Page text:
In my professional life I am a volunteer manager, so I had no problem delegating to friends and family who offered to help. It was important to me to hire professionals to take care of the essentials: officiating, food, tending bar, driving, and photography. I believe in risk mitigation and felt better knowing that trained staff with food handler’s licenses were preparing dinner and a certified driver that was paid to stay sober and know the roads would get us home safely. We took care of the rest and knew that if someone did not come through with decorations, drumming, or my makeup, we would still be happily wed at the end of the day.
A few extra things I learned along the way:
1. Virginia is one state where you cannot have a friend officiate your wedding. The officiant must be an ordained minister with a congregation or a designated civil official. Research the laws where you will be getting married!
2. We used Google Docs to keep all of the information related to our wedding plans. The collection of documents was shared with both sets of parents, my fiancé, and me so that we could all have access to the same information and stay on the same page. We were living out of our car for the first six months of planning and our parents lived two thousand miles from each other, so this was essential.
3. We were informed that “October is the new June.” So be aware if you are looking for a fall wedding and want to save money. October is expensive.
Other tidbits: Using Google Docs, I created a shared spreadsheet that tracked the estimated costs and actual costs. One thing that was incredibly helpful for staying on track was adding a line item called “Unexpected expenses.” I read somewhere (maybe in the Book) that you should plan on 20% of your budget being swallowed up by unexpected expenses. This turned out to be pretty accurate and knowing that we were really only working with $16,000 of planned expenses kept us on track.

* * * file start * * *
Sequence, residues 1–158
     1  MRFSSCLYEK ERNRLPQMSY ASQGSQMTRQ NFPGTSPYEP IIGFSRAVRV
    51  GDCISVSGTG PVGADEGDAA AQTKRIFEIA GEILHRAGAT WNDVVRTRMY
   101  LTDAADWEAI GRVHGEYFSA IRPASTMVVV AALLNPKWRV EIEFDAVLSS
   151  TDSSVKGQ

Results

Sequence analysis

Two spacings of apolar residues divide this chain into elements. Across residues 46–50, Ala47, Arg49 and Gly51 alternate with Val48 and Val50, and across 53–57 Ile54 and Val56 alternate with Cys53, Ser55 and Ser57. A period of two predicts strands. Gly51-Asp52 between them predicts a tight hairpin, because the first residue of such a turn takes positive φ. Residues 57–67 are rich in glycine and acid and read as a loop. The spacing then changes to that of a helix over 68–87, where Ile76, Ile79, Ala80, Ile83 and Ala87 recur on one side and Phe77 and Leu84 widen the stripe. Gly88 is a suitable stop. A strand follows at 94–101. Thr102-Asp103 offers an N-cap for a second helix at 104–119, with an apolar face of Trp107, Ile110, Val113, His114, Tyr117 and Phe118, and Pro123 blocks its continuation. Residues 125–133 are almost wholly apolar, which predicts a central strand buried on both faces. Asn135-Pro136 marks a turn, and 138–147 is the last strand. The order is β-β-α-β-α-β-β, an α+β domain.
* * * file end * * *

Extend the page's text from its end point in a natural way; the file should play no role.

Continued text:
By the way, our budget included costs such as the plane travel to get us to the wedding, hotel rooms for us, and even a new laptop since our laptop crashed in the middle of planning and we needed to replace it.
Our guest list included friends and family from all over the United States and even one guest from the United Kingdom. The actual attendance was very difficult to estimate and it surprised us who was able to come (our UK friend) and who was not (my friend of over twenty years who had been planning on it forever). In the end we were very happy that the attendance matched our original goal for the size of our wedding.
We tracked the guest list using a shared Google spreadsheet and had columns to indicate whether or not we thought the guest would “probably come,” “might come,” or “probably won’t come.” We made estimates to the caterer based on the combined total of “probably come” and “might come.” We updated the lists as we heard from guests on their likelihood of being able to attend.
Favorite things about the wedding: I loved our ceremony. It felt intimate and personal. We cried and we laughed. All of our family and our friends stood in a semi circle around us. They were asked to pledge their support for our marriage, which they did enthusiastically. When it came time for the rings, I gave Jay the wrong hand and forced the ring onto the right ring finger before realizing that it was wrong. It took me a few minutes to work it off of that finger and onto the correct one. It was a great chance to laugh and take a break after the emotional, momentous process of saying our vows.
My best practical advice to my planning-self: Planning can often be lonely and stressful, look for opportunities to make it fun. The times I remember fondly from wedding planning are when we combined a venue visit with a distillery tour, or when I went to the Bridal Expo with my mom to eat free barbecue and give business ideas to the vendors. It was crucial to find ways to enjoy the process and keep a sense of humor.